Owning your own home: It's the American dream. Now, a northern Virginia company has found a way to package that dream and export it. Chadwick International Inc. sells modular homes--light fixtures and financing included--in emerging markets abroad.
For the parochial U.S. housing business, where even crossing the county line is a big deal, Chadwick is a true maverick. Exports aren't just a sideline for Chadwick; they're all it does. In its current fiscal year, the four-year-old startup expects revenues of $65 million, triple last year's--100% from exports of modular homes made in Florida and shipped from Jacksonville.
They're not just shipping to run-of-the-mill foreign markets, either. Tiny Chadwick operates in places that U.S. companies 10 times its size shy away from. It has upscale housing projects in various stages of completion in Algeria and the Ivory Coast. And the company says it is negotiating 30 more deals worth $560 million with developers from Argentina to Vietnam.
Where others see only political strife and currency risk, Chadwick sees opportunity. "Demand for housing in Africa, Asia, and Latin America is on the order of 100 million units," says Ronald M. "Mickey" Nocera, Chadwick's chairman and chief executive officer. "There's probably only enough money there to build about 5% of that. Still, even if we used every available U.S. manufacturing plant, we couldn't begin to meet that need."
Local homebuilders in many of Chadwick's best markets are no match for its product and expertise. "In many of these countries, the quality of local construction is pathetic, and they lack accoutrements that a U.S. builder can provide," such as double stainless-steel sinks, says Gary Collins, vice-president for international trade at NationsBank Corp., one of Chadwick's lenders. "It can take a local supplier up to two years to build a house, whereas Chadwick can deliver 100 houses in a few months."
CUSTOM TOUCHES. Chadwick has another edge: It designs single-family and duplex homes to local tastes and building codes. Then it has them constructed by a Florida manufacturer. For a developer in Islamic Algeria, for example, Chadwick designed stucco-walled units with interior rooms that can be closed off to allow women to move freely without being seen by men. Chadwick homes are shipped in two pieces on specially configured container ships and assembled by local crews that Chadwick trains and equips with all necessary tools. Once on site, the homes are finished, ready to move into, at a rate of six a day. The cost of the duplexes in Algeria: about $49,000, including freight.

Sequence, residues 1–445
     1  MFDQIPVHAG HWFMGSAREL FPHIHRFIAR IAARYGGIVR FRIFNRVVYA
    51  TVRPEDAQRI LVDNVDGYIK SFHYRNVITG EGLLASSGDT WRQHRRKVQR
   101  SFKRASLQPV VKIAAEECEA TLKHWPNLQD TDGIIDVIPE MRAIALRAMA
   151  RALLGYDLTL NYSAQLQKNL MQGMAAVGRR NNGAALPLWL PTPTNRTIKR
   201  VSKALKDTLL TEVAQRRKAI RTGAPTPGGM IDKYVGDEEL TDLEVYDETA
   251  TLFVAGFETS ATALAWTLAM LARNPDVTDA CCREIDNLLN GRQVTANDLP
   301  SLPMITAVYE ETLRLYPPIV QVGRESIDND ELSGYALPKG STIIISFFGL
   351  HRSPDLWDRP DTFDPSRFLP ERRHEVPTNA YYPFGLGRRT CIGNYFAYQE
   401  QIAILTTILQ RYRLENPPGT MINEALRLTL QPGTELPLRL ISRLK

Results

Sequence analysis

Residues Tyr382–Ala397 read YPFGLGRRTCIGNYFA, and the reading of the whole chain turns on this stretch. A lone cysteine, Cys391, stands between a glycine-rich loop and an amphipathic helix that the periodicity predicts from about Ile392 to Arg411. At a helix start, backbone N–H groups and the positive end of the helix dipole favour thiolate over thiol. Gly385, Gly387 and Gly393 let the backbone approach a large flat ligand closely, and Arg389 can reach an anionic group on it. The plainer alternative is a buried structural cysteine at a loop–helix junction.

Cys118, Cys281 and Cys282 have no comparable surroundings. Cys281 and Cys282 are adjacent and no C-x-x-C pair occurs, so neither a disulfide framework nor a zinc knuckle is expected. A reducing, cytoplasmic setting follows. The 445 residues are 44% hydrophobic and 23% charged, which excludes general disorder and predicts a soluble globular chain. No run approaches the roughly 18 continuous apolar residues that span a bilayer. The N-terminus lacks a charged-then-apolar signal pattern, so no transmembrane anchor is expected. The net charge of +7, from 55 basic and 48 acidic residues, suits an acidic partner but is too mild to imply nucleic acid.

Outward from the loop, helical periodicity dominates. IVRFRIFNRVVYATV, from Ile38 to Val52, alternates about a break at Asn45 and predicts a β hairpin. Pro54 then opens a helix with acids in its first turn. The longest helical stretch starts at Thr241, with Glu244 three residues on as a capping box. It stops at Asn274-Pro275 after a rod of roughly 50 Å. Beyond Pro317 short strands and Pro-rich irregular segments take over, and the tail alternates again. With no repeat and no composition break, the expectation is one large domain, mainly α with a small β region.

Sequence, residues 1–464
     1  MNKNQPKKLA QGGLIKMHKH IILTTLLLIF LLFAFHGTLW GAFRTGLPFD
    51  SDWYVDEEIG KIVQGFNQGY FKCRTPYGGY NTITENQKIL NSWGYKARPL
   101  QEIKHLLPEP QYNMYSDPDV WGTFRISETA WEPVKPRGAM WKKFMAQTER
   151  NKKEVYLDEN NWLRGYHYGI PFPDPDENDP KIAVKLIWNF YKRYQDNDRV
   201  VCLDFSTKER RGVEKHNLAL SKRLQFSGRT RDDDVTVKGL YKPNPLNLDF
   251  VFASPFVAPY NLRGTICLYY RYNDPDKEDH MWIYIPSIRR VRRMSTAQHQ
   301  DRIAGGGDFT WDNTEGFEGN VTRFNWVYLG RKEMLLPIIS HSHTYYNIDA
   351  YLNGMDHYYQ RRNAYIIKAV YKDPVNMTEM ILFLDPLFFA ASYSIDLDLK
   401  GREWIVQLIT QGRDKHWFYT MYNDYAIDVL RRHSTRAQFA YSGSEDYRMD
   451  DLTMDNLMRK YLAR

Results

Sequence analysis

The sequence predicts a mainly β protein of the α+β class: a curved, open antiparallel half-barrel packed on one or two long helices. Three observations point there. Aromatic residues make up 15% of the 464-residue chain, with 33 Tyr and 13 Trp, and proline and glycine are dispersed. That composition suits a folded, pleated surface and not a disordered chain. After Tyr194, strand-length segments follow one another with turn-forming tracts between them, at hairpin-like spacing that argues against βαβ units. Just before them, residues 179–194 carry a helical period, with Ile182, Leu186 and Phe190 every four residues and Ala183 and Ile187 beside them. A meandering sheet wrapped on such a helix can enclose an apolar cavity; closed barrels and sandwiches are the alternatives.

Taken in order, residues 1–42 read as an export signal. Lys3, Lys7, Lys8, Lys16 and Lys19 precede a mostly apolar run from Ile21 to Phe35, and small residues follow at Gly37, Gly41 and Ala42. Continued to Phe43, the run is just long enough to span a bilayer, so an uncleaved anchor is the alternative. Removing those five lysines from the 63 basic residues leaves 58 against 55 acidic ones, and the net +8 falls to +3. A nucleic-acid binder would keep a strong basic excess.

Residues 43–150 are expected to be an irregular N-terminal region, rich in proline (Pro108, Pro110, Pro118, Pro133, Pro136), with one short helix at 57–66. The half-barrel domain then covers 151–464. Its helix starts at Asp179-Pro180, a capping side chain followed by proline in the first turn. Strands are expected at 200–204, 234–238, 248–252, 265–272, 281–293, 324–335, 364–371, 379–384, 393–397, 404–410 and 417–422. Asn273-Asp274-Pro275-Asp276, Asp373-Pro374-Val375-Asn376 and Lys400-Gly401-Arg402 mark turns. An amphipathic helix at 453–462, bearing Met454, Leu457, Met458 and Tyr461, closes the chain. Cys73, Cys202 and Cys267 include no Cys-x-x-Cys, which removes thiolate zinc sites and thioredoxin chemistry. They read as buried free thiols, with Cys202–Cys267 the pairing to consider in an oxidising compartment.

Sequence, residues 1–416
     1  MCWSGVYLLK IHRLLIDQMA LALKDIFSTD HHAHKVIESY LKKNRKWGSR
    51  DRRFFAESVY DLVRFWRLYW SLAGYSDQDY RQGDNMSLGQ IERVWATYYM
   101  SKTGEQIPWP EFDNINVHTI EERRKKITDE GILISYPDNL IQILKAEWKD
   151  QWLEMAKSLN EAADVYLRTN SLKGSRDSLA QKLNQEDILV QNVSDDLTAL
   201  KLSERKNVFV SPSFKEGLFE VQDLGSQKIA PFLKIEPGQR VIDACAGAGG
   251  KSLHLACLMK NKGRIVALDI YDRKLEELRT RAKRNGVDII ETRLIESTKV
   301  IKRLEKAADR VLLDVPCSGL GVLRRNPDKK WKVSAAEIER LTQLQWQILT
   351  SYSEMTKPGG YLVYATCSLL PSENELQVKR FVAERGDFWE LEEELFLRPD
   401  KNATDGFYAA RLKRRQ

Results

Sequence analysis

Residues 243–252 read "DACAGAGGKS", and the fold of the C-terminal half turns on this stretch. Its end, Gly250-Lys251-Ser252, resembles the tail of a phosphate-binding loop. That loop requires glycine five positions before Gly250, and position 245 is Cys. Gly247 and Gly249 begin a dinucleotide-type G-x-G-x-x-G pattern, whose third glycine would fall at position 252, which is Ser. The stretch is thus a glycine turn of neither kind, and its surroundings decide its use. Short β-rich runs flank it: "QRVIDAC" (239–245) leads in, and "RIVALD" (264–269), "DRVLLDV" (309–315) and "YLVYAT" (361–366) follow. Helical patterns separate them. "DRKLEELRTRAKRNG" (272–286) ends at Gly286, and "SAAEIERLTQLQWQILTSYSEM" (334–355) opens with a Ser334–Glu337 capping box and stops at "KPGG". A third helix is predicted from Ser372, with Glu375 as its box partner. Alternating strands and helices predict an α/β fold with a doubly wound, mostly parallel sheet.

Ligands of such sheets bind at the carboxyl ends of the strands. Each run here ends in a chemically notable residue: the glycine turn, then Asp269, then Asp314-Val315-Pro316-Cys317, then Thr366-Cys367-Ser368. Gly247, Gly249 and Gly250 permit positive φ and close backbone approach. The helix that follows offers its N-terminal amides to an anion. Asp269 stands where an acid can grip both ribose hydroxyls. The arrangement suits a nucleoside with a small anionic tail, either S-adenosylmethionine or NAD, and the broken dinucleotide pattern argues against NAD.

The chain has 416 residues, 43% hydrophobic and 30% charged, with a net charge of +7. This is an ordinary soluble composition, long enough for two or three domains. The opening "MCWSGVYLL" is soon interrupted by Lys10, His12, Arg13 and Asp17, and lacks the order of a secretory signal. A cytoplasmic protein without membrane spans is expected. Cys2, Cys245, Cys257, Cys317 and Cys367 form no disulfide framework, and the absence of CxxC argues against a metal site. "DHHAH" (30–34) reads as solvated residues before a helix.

Financing is the critical element in Chadwick's package. In many developing countries, prospective buyers--typically foreign-government agencies, banks, or private syndicates--lack cash and access to commercial markets. Chadwick generally arranges five-year financing from international money-center banks, 85% of which is often guaranteed by the U.S. Export-Import Bank. Ex-Im's participation cuts the interest cost--in some markets from 14% to as little as 7% or 8%. The buyer or foreign bank provides the remaining 15%. In a typical deal, the company agrees to supply 100 to 200 homes for $10 million.
Many U.S. banks that finance trade deals shun small transactions. So Chadwick takes care of the paperwork. It prepackages all the documents, from drafting the commercial contract to obtaining the bill of lading. "We hand the bank a finished product as well as arrange all the logistics, such as shipping and storage," says Chadwick President George S. Henderson Jr.